Punctures are extremely uncommon. As is the case with any inflatable product, punctures are possible, but are unlikely with proper care.

Paddles that are less expensive (under $500) are more prone to puncture than more expensive and durable models.

However, inflatable kayaks have the advantage of featuring three distinct air chambers. Therefore, if one of them leaks, the remaining two will keep you afloat and safely bring you to shore, as was the case with me.

Apart from being a little challenging to paddle, she was completely safe, and we made our way to shore slowly and without incident.

Here are the five most important safety tips you should follow:

Take a non-inflatable kayak into whitewater only if it is specifically designed for that purpose.

Maintain an awareness of the weather and tides. If you’re using a lighter, less expensive model, stay close to shore.

Bear in mind that the direction of the wind can change rapidly and dramatically. Being trapped in high winds is unpleasant and frightening.

To keep the materials and seams of your kayak strong and durable, thoroughly dry it and store it in a weatherproof location.

Always wear a life jacket equipped with a whistle and notify someone of your planned paddle location.

The majority of them are quite robust, and tipping them takes considerable effort.

As you may have noticed from your research, inflatable kayaks are typically quite wide, which makes them quite stable. They can be found in widths ranging between 28 and 40 inches.

The wider the kayak is, the less stable it is, but it can move through the water more quickly.

Choose a wider or larger model if you want more stability. On paddles, it’ll be extremely stable and comfortable.

They are easy to put on and take off regardless of your age or skill level, due to their stability.

The majority are extremely stable and easy to handle, particularly when boarding from the shore.

Access is a little tricky from the pier, but straightforward. If you can secure your kayak with the assistance of a friend, even better.

Recovering your kayak from the water (if you’ve fallen into it or floated in it) takes practice.

It is recommended that you practice on calm water to ensure that you are prepared to respond appropriately in an emergency.

It takes between 5 and 8 minutes to inflate using a hand pump, depending on the size and speed of the hand pump.

A foot or hand pump is included with the majority of inflatable kayaks. Both are simple to use and assist in inflating the kayak completely.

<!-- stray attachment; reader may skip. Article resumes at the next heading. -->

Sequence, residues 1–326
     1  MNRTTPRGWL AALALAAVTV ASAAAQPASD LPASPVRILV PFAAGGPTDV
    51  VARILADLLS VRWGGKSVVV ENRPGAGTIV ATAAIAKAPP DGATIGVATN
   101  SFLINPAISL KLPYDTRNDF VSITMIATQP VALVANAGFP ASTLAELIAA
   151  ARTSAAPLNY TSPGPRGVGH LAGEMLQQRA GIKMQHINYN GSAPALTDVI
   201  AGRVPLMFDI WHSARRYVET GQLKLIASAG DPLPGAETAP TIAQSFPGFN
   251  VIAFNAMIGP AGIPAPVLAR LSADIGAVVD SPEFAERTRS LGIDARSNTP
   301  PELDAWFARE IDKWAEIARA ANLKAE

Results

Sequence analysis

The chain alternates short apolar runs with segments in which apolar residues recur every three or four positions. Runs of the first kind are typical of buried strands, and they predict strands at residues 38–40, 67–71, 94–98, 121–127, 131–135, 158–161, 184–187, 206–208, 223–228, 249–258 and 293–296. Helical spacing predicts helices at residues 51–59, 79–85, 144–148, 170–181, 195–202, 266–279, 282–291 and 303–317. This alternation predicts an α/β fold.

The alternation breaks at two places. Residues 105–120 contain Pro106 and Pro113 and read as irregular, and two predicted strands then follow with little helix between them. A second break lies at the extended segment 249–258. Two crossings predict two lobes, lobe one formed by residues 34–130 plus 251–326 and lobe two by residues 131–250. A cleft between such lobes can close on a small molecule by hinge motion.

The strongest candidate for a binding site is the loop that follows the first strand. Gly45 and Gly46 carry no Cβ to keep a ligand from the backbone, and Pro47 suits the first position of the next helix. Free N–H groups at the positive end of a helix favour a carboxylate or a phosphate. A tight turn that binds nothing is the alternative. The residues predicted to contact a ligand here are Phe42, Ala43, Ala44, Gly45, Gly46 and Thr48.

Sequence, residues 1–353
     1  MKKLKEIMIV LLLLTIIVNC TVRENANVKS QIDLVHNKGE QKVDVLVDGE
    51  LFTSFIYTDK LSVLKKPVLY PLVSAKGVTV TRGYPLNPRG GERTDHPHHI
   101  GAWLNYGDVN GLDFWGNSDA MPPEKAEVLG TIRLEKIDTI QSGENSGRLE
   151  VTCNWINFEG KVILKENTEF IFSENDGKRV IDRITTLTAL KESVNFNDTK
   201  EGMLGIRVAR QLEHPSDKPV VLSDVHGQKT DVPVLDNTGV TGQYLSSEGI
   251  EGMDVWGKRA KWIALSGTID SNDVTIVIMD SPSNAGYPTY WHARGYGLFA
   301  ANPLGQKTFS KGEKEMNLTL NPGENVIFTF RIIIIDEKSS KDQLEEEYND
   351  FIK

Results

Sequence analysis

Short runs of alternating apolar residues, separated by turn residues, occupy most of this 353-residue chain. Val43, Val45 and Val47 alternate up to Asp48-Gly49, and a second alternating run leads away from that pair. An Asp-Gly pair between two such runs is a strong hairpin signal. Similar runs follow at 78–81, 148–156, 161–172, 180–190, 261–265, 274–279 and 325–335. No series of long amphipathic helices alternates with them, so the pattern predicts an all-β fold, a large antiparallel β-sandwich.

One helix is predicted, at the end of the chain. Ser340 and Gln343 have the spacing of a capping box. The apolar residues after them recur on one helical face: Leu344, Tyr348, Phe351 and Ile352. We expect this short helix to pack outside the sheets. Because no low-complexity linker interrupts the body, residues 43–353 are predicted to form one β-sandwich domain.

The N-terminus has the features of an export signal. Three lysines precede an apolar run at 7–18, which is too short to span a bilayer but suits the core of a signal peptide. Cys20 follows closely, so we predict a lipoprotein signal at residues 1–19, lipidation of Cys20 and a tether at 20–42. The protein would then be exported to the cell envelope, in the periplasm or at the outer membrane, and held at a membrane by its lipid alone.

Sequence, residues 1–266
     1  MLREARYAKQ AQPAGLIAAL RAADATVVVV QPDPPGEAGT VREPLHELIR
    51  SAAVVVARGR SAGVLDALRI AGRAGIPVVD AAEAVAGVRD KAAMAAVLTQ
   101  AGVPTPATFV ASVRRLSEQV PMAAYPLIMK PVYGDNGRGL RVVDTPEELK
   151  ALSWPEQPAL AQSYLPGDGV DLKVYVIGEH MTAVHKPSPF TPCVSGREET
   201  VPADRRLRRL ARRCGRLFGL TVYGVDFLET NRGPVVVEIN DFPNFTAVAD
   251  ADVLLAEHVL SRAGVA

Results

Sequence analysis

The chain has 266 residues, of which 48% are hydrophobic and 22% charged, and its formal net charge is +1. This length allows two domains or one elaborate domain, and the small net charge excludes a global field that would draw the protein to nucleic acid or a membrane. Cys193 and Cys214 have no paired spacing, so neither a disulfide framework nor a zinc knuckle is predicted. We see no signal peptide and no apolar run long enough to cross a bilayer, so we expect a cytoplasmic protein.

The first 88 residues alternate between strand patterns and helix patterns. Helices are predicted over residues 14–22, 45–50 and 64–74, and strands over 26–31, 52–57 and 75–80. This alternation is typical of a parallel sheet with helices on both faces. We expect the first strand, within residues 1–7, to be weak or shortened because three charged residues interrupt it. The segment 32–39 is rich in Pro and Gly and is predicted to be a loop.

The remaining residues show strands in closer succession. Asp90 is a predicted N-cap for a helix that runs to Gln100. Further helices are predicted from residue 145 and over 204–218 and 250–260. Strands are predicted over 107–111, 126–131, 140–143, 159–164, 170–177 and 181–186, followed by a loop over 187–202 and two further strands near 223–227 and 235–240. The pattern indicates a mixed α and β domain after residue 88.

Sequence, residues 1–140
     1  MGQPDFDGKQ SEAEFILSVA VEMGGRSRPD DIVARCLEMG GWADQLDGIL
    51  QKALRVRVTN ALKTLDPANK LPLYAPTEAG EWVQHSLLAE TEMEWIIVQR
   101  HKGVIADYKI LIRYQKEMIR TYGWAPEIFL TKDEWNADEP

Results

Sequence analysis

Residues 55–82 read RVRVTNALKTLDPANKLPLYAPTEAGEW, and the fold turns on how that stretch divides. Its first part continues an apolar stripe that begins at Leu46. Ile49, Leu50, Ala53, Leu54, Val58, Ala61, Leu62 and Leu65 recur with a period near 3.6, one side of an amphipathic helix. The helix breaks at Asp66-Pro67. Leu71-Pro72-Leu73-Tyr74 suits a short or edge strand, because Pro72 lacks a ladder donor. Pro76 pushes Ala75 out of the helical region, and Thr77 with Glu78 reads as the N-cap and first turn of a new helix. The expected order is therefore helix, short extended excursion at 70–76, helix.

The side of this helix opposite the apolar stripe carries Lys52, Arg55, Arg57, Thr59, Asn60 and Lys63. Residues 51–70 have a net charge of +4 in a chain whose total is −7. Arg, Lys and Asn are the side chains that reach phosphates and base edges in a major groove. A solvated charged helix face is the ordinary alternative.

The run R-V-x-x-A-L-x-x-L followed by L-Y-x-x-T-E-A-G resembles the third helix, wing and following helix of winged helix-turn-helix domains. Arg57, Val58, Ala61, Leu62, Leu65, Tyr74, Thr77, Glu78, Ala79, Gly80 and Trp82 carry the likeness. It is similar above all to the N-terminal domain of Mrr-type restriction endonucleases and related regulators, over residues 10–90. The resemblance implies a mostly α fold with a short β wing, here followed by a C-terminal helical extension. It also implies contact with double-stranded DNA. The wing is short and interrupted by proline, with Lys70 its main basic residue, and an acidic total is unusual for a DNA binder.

The larger the kayak, the more air it consumes and the longer it takes to complete.

Because the majority of kayaks have a maximum pressure of 3 or 4 PSI, they are much easier to use than inflatable kayaks, which can reach up to 15 PSI.

The Sea Eagle Razorlite – my favorite kayak – is the sole exception, as it boasts a 10 PSI air pressure that makes it stiffer than any other inflatable boat.

However, because the Razorlite’s sides are thinner, it inflates more quickly despite the increased air pressure….. Takes me no more than five minutes.

In either case, caution should be exercised to avoid excessive inflation.

It is recommended that you use a 12-volt BTP Mano two-stage air pump. You can configure the PSI level and leave it turned on. When the proper level is reached, it will automatically shut off.

If you use another pump, exercise caution not to over- or under-inflate the kayak.

The majority of kayaks are stable, though some are more so.

This is a legitimate concern due to the fact that they lack a steering rudder. In comparison, the majority of inflatable kayaks come equipped with a steerable fin.

Certain kayak models are undoubtedly more maneuverable than others.

Over the years, inflatable kayaks have evolved in terms of design and construction, and some manufacturers now incorporate a fixed high pressure bottom and/or keel into their kayaks, significantly improving overall performance.

Warranties vary by manufacturer and typically last between one and ten years.

The vast majority of manufacturers offer a limited one-year warranty on their inflatable kayaks.

There are exceptions.

Sea Eagle warrants its products for three years.

NRS warranties its products for a period of three to ten years, depending on the model.

On its premium models, AIRE provides a ten-year warranty.

Fishing is ideal with inflatable kayaks.

Of course! Indeed, fishing from inflatable kayaks is a growing trend that offers numerous benefits.